6. How do I know whether someone is incapacitated (i.e., by drugs or alcohol) and thus,
cannot consent to sexual conduct?

Answer: Signs of incapacity include, but are not limited to: slurred speech, bloodshot eyes, stumbling or difficulty maintaining balance, vomiting, inability to focus eyes, inability to communicate/comprehend situation, and unconsciousness. Incapacity can also be inferred if you witness someone consuming a large amount of alcohol in a short period of time or engaging in drug use. If you are unsure whether someone is incapacitated, protect yourself by not engaging in sexual contact with that person.

7. What if someone is incapacitated but still gives signs of consent to the sexual activity? +

Answer: If the other person knew or should have known that the individual was incapacitated, there is no consent, regardless of any signs of consent.

8. What if I am underage but was intoxicated at the time of the sexual assault –
will I get charged with underage drinking if I report the assault?

Answer: No. If you have been sexually assaulted while underage and intoxicated, neither you nor a friend assisting you will be charged with underage drinking by the University of Connecticut.

9. What is the role of alcohol and drugs with sexual assault? +

Answer: Alcohol is present in 80-85% of reported rapes. Drinking too much in no way makes being raped or assaulted your fault! Legally, if you were intoxicated or passed out as a result of over-drinking or drugs, it was impossible to give consent.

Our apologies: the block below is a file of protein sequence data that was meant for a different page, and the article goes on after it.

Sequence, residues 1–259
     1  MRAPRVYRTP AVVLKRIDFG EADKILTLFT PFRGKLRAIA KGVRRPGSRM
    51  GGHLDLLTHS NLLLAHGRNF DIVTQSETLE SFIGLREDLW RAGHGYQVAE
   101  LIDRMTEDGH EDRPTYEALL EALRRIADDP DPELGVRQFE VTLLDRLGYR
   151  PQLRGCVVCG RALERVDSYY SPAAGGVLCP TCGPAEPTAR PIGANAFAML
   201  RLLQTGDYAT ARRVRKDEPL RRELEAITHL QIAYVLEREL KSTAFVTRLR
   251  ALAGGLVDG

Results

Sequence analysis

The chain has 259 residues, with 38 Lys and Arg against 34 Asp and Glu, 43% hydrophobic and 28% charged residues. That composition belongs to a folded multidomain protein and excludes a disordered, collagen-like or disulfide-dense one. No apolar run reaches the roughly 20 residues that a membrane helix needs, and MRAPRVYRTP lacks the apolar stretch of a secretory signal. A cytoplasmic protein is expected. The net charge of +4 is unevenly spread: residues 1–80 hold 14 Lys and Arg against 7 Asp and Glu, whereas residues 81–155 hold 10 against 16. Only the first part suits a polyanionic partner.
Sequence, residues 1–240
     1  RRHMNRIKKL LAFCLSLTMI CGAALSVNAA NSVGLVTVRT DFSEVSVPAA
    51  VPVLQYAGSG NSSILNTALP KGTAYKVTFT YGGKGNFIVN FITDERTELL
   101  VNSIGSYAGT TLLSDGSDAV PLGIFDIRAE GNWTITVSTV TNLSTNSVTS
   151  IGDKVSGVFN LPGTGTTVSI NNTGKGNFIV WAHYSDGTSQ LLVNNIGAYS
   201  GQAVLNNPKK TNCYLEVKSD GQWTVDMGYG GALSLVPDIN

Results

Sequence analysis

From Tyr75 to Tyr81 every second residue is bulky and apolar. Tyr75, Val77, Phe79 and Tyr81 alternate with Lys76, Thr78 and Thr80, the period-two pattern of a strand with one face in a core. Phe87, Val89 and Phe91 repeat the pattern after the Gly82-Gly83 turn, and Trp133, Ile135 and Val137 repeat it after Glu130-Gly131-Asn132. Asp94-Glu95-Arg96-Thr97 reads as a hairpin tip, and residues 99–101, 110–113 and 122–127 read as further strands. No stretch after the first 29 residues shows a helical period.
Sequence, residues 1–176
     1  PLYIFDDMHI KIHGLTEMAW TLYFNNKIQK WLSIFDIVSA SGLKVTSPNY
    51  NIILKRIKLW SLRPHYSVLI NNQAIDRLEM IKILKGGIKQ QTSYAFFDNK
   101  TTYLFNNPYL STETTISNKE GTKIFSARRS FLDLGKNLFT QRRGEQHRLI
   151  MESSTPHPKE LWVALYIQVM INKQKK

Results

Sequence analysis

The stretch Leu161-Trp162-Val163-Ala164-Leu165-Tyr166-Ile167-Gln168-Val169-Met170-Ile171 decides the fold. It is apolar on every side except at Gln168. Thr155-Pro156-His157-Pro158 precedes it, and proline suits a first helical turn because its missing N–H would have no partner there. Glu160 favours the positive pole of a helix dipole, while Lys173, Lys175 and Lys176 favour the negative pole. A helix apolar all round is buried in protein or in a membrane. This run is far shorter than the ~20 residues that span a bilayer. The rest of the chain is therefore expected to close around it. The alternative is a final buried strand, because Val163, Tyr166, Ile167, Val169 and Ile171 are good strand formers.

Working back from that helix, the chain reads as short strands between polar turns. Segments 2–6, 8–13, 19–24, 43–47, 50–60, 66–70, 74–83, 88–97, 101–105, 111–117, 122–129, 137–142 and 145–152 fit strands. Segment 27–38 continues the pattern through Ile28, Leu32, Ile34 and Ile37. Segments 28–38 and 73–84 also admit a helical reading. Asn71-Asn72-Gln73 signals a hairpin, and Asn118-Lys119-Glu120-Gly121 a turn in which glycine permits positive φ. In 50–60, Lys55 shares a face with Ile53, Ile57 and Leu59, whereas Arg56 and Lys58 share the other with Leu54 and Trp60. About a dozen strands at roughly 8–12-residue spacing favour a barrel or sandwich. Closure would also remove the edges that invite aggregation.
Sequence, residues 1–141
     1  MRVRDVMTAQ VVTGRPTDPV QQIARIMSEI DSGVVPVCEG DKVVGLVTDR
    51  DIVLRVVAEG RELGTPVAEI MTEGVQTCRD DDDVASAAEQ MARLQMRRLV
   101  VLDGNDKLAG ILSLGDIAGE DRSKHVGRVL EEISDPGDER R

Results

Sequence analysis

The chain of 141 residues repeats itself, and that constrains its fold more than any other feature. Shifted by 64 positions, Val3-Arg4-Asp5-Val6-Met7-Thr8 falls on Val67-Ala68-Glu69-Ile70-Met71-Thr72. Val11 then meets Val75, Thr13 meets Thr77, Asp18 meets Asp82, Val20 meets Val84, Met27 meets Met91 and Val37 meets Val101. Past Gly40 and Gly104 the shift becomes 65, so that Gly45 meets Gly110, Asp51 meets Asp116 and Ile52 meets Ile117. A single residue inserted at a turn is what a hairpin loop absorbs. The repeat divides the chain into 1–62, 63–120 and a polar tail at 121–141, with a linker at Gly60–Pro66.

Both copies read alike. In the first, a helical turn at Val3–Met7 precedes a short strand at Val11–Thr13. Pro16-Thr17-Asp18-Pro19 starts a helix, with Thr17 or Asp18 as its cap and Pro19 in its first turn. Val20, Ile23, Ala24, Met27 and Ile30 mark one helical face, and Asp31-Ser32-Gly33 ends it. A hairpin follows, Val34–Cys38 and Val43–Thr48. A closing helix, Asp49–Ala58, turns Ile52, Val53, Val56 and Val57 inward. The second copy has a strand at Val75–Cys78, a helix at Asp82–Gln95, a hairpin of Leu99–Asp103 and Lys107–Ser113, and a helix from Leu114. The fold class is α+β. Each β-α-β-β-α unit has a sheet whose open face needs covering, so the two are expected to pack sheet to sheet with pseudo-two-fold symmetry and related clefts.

There are a number of “date rape” drugs used in the community. Some examples include rohypnol, GHB, and Ketamine HCL. With regard to the drug rohypnol – also known as Ruffies, Roaches, Rope, Mind-Erasers, Lunch Money and Mexican Valium – this drug is in the same family as Valium. However, it is described as being 10 times stronger than Valium. It is illegal in the U.S. but is used in 80 other countries to treat people with severe and debilitating sleep disorders. It is also used as a pre-anesthetic before surgery. It is odorless, tasteless and colorless and dissolves rapidly in alcoholic and nonalcoholic drinks. Physical effects are noticeable within 20-30 minutes of ingestion, and their overall effects can last from six hours to 20 hours, depending on the dose that was taken. Complete or partial amnesia is the most common effect of this drug, especially when taken with alcohol. The person who ingested rohypnol may also experience the following symptoms: